Thursday, 31 July 2014

Researchers rally round to save the 'Tree of Life' from sudden death

ACIAR's Dr Richard Markham describes researchers' efforts to conquer a mysterious disease destroying coconut trees in Papua New Guinea (PNG)...

The coconut has been called the 'Tree of Life' in recognition of the many products and services that it provides to support the lives and livelihoods of coastal and island people around the Tropics.  Traditionally, people have drunk the ‘water’ and eaten the flesh from coconuts as part of their staple diet; they have used the fronds to thatch their huts and the ‘wood’ for construction and utensils. Since time immemorial, groves of palms have protected coasts against erosion and shaded other crops and livestock against the tropical sun. Now, those iconic silhouettes of palms against a blue sky are being reduced to bare poles by an unfamiliar disease – Bogia coconut syndrome.

Trouble in paradise - trees at various stages of decline from Bogia coconut syndrome
Although copra and coconut oil, facing competition from other, cheaper-to-produce edible oils, are no longer the main source of wealth in the Pacific countries, in PNG almost one-third of households, some 1.5 million people, still depend on coconuts for a significant part of their food and income. There was thus a ripple of concern when rumours surfaced, several years ago, of a mystery disease killing coconut palms – and reportedly other crops – in a remote site in Bogia district on the north coast of PNG’s mainland, part-way between Madang and the border with Indonesian West Papua. Initial samples sent for molecular analysis indicated that a phytoplasma (a parasitic bacterium) similar to that causing Coconut lethal yellowing in Africa and the Caribbean was associated with the disease; however, the disease did not appear to be spreading, so there the matter rested for a while.
Trees of Life reduced to bare poles from Bogia coconut syndrome

More recently, in 2009-2010, an outbreak of the disease at Furan village, just outside the busy city of Madang, attracted a great deal more attention, with the fear that trade might now spread the disease rapidly along the coast and through the islands. The national quarantine authority, NAQIA, imposed a ban on the movement of agricultural commodities out of the area, and researchers from the Oil Palm Research Association (OPRA) and the Cocoa Coconut Institute Limited (CCIL), with support from ACIAR, launched a scoping study to investigate the cause of the disease.

Although reports of the disease affecting a range of staple food crops proved to be an exaggeration, the phytoplasma was found in Sago and Betel nut palms (with similar yellowing symptoms) – both of which are economically important species in PNG. Meanwhile, another research team found a similar phytoplasma in bananas (but occurring over a much wider area than the Bogia coconut syndrome outbreak). The phytoplasma has also been found in several sap-sucking insect species but the tests were not sensitive enough to show whether these had been merely feeding on infected palms or whether they were capable of actively spreading the disease.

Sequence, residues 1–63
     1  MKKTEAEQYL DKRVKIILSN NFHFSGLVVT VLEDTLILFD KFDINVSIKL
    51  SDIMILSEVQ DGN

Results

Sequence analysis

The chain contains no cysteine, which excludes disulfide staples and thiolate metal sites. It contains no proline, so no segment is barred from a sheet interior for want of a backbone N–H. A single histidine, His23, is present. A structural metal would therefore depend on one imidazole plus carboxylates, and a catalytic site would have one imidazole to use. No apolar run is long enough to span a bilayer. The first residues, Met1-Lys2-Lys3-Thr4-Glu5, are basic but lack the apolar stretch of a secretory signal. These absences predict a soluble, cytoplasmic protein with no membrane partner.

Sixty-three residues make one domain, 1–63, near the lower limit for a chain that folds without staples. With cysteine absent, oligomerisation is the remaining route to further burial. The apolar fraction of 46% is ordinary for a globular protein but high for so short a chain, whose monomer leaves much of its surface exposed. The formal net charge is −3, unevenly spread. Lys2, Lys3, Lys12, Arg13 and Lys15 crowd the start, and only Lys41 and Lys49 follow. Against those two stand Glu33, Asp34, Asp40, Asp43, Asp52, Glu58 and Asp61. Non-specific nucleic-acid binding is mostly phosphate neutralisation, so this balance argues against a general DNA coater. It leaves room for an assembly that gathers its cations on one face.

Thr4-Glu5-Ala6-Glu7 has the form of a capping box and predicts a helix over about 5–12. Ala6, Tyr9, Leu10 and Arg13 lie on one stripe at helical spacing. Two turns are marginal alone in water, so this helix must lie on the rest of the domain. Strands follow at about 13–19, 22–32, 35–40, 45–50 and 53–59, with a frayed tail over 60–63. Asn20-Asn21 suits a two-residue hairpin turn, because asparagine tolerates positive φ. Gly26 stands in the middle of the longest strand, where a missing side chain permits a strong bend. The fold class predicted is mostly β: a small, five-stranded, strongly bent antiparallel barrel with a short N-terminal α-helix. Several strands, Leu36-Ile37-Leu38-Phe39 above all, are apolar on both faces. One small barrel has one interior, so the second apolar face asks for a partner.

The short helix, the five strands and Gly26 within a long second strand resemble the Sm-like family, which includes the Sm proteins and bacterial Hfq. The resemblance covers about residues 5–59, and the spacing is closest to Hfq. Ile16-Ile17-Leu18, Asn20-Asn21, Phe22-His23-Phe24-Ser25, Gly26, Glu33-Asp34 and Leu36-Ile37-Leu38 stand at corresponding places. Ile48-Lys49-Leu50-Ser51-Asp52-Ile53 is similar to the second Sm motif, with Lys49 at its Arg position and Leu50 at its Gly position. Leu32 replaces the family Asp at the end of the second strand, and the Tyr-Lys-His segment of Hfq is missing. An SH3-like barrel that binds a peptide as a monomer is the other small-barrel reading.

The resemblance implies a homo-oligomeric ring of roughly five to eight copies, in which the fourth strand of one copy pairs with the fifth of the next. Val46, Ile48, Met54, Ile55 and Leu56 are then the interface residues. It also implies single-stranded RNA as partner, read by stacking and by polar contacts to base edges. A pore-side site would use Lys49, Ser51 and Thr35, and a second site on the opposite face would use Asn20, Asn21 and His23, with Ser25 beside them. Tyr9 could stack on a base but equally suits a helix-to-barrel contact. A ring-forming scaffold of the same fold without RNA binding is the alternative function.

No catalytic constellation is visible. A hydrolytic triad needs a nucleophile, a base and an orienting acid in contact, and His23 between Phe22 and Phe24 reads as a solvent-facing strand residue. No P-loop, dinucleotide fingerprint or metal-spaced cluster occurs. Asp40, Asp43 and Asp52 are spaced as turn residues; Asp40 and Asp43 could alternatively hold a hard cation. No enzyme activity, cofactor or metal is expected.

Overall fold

Intense debate on how to save the coconut genebank
Last week, researchers from Australia (Charles Sturt University and University of Queensland) and PNG (CCIL, OPRA, NAQIA and the National Agricultural Research Institute – NARI) got together in Madang to launch a larger project, to delve more deeply into the mysteries of the disease.

They will need to prove that it really is the phytoplasma that is killing the palms, establish how it differs (if at all) from the organism killing bananas, and find out how the phytoplasma is spread. Once this knowledge is in place, it should be possible to work out more targeted measures to limit the spread of the disease and manage it within the outbreak areas.

The researchers also started to wrestle with an additional ‘crisis within a crisis’: the international coconut genebank for the South Pacific lies within the quarantine area and so can no longer serve its function of preserving and distributing the genetic resources of coconut, for PNG and the region. Researchers from CCIL and NARI are testing the palms to see whether the collection itself is still free of the disease. If it proves to be so, NAQIA will lift the quarantine restrictions enough for coconuts to be moved out of the danger area to a quarantine island, where the germinating seedlings will be tested again and, if still ‘clean’ can be used to establish a new genebank.

ACIAR and the Global Crop Diversity Trust are standing by to provide technical support and offer alternative solutions if necessary.

By Dr Richard Markham, manager of ACIAR's Horticulture and Pacific Crops research programs

More information:

For more information, refer to the final report of ACIAR's scoping study PC/2011/056 Identifying potential vectors of 'Bogia Coconut Syndrome' in Madang Province, Papua New Guinea, which will be published soon on the ACIAR website.



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